PRIAULX RAINIER – A Variety of Influences

South African-British Early Modern composer Ivy Priaulx Rainier [1903–1986] wrote one string quartet, in 1939. There is also apparently a ‘lost’ early work from 1922 which has been performed but not recorded. Quoting from her Wikipedia page:

Although she lived most of her life in England and died in France, her compositional style was strongly influenced by the African music remembered from her childhood. She never adopted 12-tone or serial techniques, but her music shows a profound understanding of that musical language.

Surely, an interesting state of musical affairs.

The work, which is in four movements opens with a brief section of a lumbering cello motif, which is then harmonised by the viola. It is over before it starts and the music moves into a strong, descending chordal texture. A pause this time brings a throbbing solo cello, sounding quite African. One iteration of the opening motif again brings in the descending chords. A passage is then set up where one instrument plays the motif, followed by another sequence of chords. The music seems to be built around this motif as it constantly recurs, its presence giving the music a sense of mystery, and not a little tension.

Now the motif disappears, revealing a series of ominous violin lines that rise from the serious to the positively frantic. A return of the motif leads to some strong chordal interjections, which joust in an unrestrained manner. As the end approaches, the mood is built around the throbbing cello with the descending chords quite beguiling – a mellifluous section that has a feeling all of its own. The final passage is a wonderful sustained chord.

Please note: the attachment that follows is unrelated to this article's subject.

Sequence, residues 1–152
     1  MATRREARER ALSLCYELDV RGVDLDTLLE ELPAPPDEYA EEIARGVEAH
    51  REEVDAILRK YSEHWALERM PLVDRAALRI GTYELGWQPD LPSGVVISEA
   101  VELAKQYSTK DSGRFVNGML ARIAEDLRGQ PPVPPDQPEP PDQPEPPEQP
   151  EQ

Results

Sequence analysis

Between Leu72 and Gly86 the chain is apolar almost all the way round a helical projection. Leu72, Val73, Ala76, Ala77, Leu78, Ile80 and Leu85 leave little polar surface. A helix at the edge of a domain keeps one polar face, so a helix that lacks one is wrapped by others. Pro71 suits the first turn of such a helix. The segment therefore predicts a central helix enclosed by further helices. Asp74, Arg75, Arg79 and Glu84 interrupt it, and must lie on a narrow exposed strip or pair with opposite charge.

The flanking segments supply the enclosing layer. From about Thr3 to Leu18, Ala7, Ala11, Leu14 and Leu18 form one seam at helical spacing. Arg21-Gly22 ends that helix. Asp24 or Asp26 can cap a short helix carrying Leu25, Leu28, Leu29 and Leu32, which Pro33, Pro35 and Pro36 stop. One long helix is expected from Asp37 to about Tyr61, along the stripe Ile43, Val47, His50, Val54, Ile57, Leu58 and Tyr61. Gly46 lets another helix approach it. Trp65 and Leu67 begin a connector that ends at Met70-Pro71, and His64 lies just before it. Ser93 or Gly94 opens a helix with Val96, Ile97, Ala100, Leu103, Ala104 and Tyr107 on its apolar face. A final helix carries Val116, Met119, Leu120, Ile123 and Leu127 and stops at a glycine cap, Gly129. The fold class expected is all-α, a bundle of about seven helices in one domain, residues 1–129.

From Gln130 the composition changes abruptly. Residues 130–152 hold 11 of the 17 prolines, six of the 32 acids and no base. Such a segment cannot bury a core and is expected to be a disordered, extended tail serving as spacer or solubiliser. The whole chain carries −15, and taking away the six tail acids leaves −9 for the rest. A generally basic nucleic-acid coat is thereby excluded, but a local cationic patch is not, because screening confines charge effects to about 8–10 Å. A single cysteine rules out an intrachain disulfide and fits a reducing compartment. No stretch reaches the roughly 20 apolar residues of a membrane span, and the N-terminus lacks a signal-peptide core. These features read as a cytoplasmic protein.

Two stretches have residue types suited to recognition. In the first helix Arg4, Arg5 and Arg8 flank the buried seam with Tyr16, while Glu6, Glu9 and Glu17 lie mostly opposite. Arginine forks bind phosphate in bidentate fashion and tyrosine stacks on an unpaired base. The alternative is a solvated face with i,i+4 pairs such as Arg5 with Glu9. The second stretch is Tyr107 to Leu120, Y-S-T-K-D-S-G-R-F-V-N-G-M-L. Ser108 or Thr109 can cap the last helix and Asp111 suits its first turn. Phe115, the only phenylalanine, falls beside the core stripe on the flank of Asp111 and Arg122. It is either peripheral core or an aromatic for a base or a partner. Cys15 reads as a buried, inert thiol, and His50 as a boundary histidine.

The brief second movement opens with pizzicato establishing a rhythmic presence, which is tonally ambivalent leading to a short dissonant passage. When the tonality settles, some positive melodies are heard. A violin duet is again frantic for a time before the introduction is revisited, with the dissonance again apparent. A strange flourish leads to a finish. Both of these movements have an African nature, with a strong sense of modality about them.

The next movement, marked andante, features long, powerfully persuasive melodies, mostly made up of violin duets with the cello offering sporadic harmonic support. These melodies are stark and solo cello musings add great depth to the texture. This is modern music, definitely in the classical tradition. Leaving the rhythms far behind, the violins first take on a 19th century Romantic sound and then ascend into the sky, to end.

The final movement starts with rhythmically incisive chords, before an ostinato sets up a background for further interjections and melodic sweeps. Now the tempo slows, moving into a short section of peace, which is soon interrupted by pizzicato effects. A tempo is again established and various melodic flurries are at work here. Glissandos bring a touch of abstraction before another ostinato forms, which the violins peck at, bird-like. A rise in intensity has frantic violin lines scurrying to a conclusion.

This is very interesting music for 1939 – it certainly doesn’t fit any of the boxes into which I sometimes put music.

The review CD, not obviously titled also contains Michael Tippet’s Second Quartet and is on the SWR label, the performers being the Amadeus Quartet. I suspect that the Rainier quartet is recorded live as there is a constant background rumble.

The CD is available at Amazon US but only as an MP3 download on Amazon UK. However there is another CD, titled Vive la Difference: String Quartets by Women Composers, which also contains the work, at Amazon UK.

The SWR CD is on Spotify, earsense and YouTube.

Listenability: Something different from 1939.


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